Top solar myths debunked

Bringing solar into your home can be a big step.  Lots of homeowners have questions about how it works, and there are some myths floating around about residential solar that we’d like to address directly.

Here are the top solar myths debunked:

1. Solar will ruin my roof

People worry about their roofs when considering installing solar panels: mounting panels on your roof is complicated.   And the ugly truth is, you can find an installer who doesn’t do a top quality job, much as you can for any home renovation.  This is why you should choose reputable solar professionals to handle theinstallation process to ensure the quality of your solar system and the stability of your roof.  Once properly installed, solar panels can actually benefit the longevity of your roof because they absorb some of the wear and tear over the years.

2. Solar power is way too expensive for me

Solar has never been more affordable.  The typical home or business owner will pay about 60% less than just a year ago.  Solar panel prices have decreased substantially, and federal energy tax credits and solar power rebates have increased.  Plus, with the right financing or lease program, solar energy can be accessible to almost every homeowner for little or no upfront cost.  With power purchase agreements or solar lease, you avoid paying the upfront costs of purchasing a solar system.  

Another way to think about solar power is to compare its’ cost to your current cost with a traditional utility.  You’ll enjoy a $0 or very low power bill for the 25 or 30 year life of the solar system. For example, if you spend $200 per month for electricity with a utility, then you will spend $81,979 over 25 years. No matter how you calculate it, you will save money with a $5,000 to $25,000 solar panel system. Forget the confusing and distracting cost per kilo-watt (kW) comparisons. Remember, you can pay the utility for 25 years, with annual price increases, or you can pay a lot less for solar power. You’ll also get some great tax credits and cash rebates, and you will increase the value of your home.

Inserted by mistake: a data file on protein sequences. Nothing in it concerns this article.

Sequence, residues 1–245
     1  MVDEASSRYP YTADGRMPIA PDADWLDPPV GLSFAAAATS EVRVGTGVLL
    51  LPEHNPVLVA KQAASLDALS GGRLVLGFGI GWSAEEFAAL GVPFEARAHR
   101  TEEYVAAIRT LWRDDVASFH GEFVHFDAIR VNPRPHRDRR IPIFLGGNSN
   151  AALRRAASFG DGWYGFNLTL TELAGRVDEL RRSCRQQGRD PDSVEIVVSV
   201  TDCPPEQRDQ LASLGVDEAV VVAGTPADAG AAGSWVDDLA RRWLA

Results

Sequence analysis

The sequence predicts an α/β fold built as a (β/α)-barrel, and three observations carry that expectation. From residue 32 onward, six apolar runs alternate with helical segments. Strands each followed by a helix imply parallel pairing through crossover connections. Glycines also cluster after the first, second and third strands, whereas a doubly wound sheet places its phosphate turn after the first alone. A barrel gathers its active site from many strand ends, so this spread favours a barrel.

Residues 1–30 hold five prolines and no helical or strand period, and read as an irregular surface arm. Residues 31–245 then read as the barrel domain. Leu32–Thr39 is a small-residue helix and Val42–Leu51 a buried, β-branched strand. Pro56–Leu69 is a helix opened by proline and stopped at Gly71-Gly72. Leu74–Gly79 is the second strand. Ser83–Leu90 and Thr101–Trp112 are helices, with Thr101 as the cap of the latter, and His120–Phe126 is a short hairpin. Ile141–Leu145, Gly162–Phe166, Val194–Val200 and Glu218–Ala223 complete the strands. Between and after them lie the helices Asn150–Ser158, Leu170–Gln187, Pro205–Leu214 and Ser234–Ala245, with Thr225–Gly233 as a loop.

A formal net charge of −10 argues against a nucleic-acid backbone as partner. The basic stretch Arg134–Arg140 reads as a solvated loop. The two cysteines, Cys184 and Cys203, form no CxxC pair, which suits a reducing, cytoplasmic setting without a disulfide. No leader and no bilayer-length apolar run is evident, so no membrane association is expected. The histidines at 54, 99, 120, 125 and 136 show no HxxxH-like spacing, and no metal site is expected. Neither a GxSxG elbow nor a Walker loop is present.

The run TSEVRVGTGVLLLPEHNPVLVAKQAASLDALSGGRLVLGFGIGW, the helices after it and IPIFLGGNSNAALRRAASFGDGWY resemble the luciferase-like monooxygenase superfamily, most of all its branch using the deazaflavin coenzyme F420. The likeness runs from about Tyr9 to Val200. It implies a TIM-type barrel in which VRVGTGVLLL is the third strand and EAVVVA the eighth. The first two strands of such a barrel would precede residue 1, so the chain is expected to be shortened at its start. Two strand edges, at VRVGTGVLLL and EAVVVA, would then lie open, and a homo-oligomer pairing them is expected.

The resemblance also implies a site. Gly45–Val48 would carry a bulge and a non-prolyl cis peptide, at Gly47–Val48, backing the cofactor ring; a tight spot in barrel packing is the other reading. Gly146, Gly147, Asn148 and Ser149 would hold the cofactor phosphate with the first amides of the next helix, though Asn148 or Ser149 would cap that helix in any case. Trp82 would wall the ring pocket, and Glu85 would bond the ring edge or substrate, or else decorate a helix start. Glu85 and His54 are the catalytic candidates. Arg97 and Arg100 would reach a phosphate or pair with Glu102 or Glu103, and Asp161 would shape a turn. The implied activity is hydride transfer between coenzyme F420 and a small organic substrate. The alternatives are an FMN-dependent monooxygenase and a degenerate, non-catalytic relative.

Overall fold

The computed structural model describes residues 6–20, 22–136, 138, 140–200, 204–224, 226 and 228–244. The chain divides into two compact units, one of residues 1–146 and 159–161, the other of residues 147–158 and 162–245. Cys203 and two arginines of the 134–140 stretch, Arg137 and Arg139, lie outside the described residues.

3. Solar means I have to go off the grid or have batteries

Owning a solar energy system does not mean that you have to go off the grid; most people who use solar electricity in their homes actually stay tied to their utility grid. By staying tied to the grid, your panels contribute electricity during the day, and draw it back at night or on a stormy day.  Not tying your panels to the grid means you have to store your electricity in batteries, and a very small number of solar homes choose this option.

4. Solar won’t work in cold climates

A common misconception is that solar panels only function in warm climates with abundant sunshine.  However, solar panels produce electricity wherever the sun shines, whether the area is as sunny as Sacramento, CA or as cloudy as Trenton, NJ.  In fact, Germany has one of the largest solar markets in the world and is about as sunny as Seattle.  While sunny areas will generate more power than cloudy areas, solar works almost anywhere and its financial and environmental benefits transcend climatic boundaries.